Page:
International

Australian Octogenarian Drug Reformer Named Victorian of the Year. Professor David Penington, 84, who has called for marijuana and ecstasy to be legalized and who heads a committee advising the Victoria state government on drug policies, has been named Victorian of the Year at a national ceremony in Melbourne. "At the age of 84 I was really looking forward to genteel disappearance from the scene," he said, adding that he would use his new honor to continue to push for drug refom. "The reality is that prohibition just hasn't worked for 100 years and the problems are getting worse," Professor Penington said. "We've got to find better ways to handle illicit drugs."

Canada Day Marijuana Street Market in Vancouver Goes Unimpeded. As our northern neighbor celebrated its national holiday yesterday, a street market outside the Vancouver Art Gallery offered up hash brownies and fudge, as well as dime bags and joints of BC bud, despite such acts being illegal. Vendors said the market was a protest "to legalize marijuana." A Vancouver police officer watching the scene from his bicycle said he was there in case anyone needed help, but that police would not stop anyone from selling marijuana.

An Industry Emerges: The NCIA Cannabis Business Summit in Denver [FEATURE]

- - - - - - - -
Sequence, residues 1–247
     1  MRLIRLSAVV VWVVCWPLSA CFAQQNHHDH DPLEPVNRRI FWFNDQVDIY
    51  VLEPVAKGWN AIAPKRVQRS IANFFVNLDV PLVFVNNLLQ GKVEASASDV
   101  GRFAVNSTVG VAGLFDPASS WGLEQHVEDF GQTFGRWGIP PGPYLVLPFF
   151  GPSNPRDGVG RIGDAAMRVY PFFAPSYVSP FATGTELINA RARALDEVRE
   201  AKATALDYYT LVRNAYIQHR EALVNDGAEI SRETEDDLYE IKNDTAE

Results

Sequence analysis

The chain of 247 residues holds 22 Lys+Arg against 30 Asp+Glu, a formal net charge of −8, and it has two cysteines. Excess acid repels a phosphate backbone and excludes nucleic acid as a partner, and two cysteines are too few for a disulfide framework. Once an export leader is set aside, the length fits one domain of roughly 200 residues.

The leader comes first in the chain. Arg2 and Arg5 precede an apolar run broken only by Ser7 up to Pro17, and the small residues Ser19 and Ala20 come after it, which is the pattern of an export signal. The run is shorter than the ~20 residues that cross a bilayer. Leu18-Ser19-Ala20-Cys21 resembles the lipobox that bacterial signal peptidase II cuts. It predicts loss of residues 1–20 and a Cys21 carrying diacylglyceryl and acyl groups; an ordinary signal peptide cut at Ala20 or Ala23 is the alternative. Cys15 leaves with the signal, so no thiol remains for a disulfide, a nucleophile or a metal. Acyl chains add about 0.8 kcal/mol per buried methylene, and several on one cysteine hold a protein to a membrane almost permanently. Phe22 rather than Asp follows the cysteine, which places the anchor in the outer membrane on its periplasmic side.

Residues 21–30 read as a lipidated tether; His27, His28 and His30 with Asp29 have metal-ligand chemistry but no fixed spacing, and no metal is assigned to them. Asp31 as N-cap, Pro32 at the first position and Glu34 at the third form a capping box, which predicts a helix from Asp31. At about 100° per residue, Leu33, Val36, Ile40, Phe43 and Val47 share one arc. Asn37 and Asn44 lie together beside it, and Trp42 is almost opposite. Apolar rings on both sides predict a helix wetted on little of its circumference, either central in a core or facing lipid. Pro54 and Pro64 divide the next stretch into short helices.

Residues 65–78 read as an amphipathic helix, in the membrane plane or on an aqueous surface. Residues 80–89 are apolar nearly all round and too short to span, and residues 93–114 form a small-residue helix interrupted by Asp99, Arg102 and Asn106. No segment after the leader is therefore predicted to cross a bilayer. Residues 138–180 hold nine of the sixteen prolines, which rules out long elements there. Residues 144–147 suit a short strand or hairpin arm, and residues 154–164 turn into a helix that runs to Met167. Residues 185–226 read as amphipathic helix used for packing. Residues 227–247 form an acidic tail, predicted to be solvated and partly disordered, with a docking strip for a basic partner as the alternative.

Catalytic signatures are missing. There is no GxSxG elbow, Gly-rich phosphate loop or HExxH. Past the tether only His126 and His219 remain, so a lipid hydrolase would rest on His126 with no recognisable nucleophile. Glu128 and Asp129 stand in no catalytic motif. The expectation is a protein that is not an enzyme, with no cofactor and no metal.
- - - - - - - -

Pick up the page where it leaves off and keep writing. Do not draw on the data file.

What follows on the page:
The exhibition hall in the Denver Convention Center last week was a wonder to behold. Automated, high-capacity marijuana trimming machines. Industrial strength cannabis oil extraction devices. Marijuana real estate specialists. Marijuana accountants. Marijuana attorneys -- real estate, intellectual property, contracts. Marijuana consultants. Marijuana investment advisers. Point-of-sale marijuana sales tracking systems. Chemical testing companies. Vaporizer sellers. Odor-proof bag producers. Automated rolling machine makers. Anything and everything to do with the business of legal marijuana. All in a high-gloss trade show environment.

It was the National Cannabis Industry Association's (NCIA) Cannabis Business Summit, which brought more than 1,200 registrants to the state capital that for now at least is also the capital of legal marijuana. And it represents a new phase in the evolution of marijuana policy.